On More Realistic Environment Distributions for Defining, Evaluating and Developing Intelligence
One insightful view of the notion of intelligence is the ability to perform well in a diverse set of tasks, problems or environments. One of the key issues is therefore the choice of this set, which can be formalised as a ‘distribution’. Formalising and properly defining this distribution is an important challenge to understand what intelligence is and to achieve artificial general intelligence (AGI). In this paper, we agree with previous criticisms that a universal distribution using a reference universal Turing machine (UTM) over tasks, environments, etc., is perhaps a much too general distribution, since, e.g., the probability of other agents appearing on the scene or having some social interaction is almost 0 for many reference UTMs. Instead, we propose the notion of Darwin-Wallace distribution for environments, which is inspired by biological evolution, artificial life and evolutionary computation. However, although enlightening about where and how intelligence should excel, this distribution has so many options and is uncomputable in so many ways that we certainly need a more practical alternative. We propose the use of intelligence tests over multi-agent systems, in such a way that agents with a certified level of intelligence at a certain degree are used to construct the tests for the next degree. This constructive methodology can then be used as a more realistic intelligence test and also as a testbed for developing and evaluating AGI systems.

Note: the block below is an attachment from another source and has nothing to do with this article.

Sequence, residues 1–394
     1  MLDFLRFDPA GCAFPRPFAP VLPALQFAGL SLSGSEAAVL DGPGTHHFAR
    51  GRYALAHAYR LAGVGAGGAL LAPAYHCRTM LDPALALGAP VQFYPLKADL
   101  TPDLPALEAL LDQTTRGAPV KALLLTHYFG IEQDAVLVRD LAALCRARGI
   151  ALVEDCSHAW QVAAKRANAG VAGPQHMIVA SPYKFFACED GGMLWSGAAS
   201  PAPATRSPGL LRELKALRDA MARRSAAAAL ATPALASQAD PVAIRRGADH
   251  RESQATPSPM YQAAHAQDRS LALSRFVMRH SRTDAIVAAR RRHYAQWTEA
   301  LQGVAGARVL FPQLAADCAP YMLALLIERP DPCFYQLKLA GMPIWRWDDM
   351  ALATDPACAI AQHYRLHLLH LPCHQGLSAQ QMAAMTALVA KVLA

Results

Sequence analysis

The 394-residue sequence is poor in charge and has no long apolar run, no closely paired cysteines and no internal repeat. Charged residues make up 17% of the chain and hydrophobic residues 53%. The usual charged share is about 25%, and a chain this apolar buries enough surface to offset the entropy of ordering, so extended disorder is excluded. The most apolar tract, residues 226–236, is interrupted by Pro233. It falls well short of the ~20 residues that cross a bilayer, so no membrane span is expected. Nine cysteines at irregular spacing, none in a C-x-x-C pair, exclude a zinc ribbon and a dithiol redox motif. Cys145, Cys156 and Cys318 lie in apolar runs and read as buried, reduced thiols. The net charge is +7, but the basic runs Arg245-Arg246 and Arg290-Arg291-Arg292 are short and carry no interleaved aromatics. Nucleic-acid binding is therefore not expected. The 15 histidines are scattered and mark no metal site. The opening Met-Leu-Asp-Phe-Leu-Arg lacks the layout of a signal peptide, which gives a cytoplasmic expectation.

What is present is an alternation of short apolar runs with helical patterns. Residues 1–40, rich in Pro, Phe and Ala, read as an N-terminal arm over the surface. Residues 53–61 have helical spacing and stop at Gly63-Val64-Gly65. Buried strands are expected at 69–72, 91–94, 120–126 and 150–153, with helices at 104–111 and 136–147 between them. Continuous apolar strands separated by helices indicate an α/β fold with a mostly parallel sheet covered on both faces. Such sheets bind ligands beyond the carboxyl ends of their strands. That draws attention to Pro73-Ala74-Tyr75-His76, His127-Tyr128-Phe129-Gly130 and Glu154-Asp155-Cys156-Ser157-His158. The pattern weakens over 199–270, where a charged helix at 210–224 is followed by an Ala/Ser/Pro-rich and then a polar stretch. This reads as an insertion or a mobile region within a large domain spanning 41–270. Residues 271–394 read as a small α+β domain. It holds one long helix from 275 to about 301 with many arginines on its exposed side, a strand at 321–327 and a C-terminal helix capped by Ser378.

KeywordsIntelligence Evolutionary Computation Artificial Life Social Intelligence Intelligence Test Universal Distribution
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